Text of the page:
Customized Verification of High-resolution WRF-ARW Forecasts using the Model Evaluation Tools (MET) Package

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Tuesday, 6 January 2015
james P. Cipriani, IBM Research, Yorktown Heights,, NY; and L. A. Treinish and A. Praino

Forecast verification is a key component of both research and operational weather modeling. Generating and understanding a wide range of skill scores over a forecast database can help to determine potential biases and outliers, allow for the fine-tuning of the model configuration, and build user confidence. For continuous variables (such as temperature, dew point, and wind speed), typical scores include mean absolute error (MAE), root mean squared error (RMSE), and mean error (ME, aka additive bias), which are based on direct (point-to-point) comparisons of forecast vs. observed values. For categorical variables (such as accumulated precipitation), scores can include critical success index (CSI, aka threat score), probability of detection (POD), and Accuracy (ACC), and are based on a contingency-table analysis (hits, misses, false alarms, and correct negatives). Given the strengths and weaknesses of each metric, it is often desirable (and necessary) to utilize multiple scores in order to assess the overall quality of the forecasts.

IBM has developed a high temporal and spatial resolution weather forecasting capability, known as Deep Thunder, which is customized for particular geographies and client requirements. Typical horizontal resolution is 1-2 km, with lead times out to 72 hours. Current deployments include the Detroit and New York metropolitan areas, southeast and northeast U.S., city of Rio de Janeiro, and country of Brunei. The validation is often performed according to client specifications and is based on comparisons against surface observations, which include both point (weather observing system) and gridded data.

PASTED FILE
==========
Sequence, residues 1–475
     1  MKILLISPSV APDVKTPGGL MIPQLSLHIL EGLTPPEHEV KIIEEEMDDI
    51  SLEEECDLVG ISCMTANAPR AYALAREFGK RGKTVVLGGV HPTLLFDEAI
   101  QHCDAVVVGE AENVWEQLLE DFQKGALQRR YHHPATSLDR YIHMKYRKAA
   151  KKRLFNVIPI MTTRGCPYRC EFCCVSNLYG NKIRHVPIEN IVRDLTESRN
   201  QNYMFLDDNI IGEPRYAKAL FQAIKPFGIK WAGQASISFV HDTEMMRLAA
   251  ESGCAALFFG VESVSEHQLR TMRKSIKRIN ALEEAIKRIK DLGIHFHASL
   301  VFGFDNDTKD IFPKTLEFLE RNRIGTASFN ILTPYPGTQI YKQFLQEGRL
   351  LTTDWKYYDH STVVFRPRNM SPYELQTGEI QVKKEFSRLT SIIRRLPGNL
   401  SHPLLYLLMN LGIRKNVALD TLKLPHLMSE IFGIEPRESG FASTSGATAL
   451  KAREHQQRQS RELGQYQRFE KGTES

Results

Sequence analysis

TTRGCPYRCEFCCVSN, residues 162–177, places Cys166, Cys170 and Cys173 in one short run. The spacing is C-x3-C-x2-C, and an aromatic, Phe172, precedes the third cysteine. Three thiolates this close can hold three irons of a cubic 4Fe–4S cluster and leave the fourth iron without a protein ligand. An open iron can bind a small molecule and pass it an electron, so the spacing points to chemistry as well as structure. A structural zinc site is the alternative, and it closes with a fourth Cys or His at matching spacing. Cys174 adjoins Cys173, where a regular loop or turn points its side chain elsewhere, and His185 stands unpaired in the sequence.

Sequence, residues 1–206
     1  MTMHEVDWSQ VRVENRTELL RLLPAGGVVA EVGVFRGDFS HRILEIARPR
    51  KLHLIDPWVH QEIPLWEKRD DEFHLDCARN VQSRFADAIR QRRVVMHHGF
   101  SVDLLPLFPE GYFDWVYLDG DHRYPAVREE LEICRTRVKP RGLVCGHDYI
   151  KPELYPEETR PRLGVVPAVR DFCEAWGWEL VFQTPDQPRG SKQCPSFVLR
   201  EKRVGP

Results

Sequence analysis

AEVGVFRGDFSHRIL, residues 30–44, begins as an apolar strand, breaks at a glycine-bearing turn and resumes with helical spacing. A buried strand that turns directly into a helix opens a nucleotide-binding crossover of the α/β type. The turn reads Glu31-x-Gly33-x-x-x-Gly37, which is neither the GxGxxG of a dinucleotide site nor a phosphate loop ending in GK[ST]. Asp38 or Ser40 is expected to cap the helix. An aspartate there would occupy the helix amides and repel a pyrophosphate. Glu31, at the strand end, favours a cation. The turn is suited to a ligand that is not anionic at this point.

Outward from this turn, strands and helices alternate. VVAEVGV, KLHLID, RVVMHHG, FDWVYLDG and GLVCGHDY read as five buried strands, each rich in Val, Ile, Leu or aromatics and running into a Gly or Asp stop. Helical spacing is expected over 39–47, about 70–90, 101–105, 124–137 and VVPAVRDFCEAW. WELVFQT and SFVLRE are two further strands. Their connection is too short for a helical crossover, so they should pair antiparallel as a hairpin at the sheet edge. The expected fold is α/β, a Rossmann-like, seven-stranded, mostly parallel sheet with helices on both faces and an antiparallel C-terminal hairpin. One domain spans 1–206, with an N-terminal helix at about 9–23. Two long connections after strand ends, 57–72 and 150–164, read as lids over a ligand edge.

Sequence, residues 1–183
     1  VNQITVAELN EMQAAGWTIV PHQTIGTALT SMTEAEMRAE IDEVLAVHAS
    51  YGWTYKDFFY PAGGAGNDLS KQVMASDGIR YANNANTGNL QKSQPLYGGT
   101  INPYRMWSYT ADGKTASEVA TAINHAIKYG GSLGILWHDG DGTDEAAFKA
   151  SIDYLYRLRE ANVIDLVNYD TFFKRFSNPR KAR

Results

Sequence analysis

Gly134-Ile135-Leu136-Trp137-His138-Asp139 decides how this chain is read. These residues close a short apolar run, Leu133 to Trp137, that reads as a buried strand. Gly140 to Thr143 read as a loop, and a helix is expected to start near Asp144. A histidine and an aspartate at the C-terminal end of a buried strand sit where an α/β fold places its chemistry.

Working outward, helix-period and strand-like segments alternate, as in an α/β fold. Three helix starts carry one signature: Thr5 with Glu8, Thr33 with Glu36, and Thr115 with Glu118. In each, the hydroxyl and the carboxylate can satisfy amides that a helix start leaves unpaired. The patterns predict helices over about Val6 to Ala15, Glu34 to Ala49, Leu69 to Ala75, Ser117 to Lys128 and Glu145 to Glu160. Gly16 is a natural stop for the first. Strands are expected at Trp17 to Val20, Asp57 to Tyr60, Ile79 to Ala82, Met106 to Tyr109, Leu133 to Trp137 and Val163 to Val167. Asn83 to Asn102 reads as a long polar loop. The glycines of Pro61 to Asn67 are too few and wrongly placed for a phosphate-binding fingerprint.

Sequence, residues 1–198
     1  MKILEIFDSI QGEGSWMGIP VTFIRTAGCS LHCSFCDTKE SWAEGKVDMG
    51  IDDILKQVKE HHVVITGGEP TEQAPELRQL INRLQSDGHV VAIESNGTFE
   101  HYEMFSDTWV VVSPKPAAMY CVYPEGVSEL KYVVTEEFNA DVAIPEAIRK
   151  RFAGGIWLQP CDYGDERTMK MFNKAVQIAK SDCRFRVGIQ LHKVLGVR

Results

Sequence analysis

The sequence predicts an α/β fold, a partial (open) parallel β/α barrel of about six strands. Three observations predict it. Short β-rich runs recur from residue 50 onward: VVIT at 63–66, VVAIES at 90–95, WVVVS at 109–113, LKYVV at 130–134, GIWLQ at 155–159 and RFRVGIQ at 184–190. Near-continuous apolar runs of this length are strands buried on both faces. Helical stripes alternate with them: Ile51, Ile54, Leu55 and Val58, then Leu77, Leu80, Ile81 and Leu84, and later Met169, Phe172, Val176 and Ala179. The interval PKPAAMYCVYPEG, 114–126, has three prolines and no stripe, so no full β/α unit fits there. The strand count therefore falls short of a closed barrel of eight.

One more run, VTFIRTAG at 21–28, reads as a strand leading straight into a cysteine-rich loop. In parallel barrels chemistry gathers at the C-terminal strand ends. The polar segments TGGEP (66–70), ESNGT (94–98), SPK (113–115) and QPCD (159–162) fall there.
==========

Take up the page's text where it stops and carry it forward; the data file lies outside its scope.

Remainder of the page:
The NCAR Developmental Testbed Center (DTC) has developed the Model Evaluation Tools (MET) verification package, which is highly-configurable and can operate on post-processed output from WRF-ARW (and can be applied to other model output as well). It includes standard scores for point-based (model grid to point), grid-point to grid-point, spatial, ensemble, and probabilistic verification.

To better validate the operational Deep Thunder forecasts, the METv4.0 package has been implemented and utilized for both point-based and grid-point to grid-point comparisons. We will discuss aspects of the verification process, data and customization, some results thus far (for specific geographies), challenges, and future work.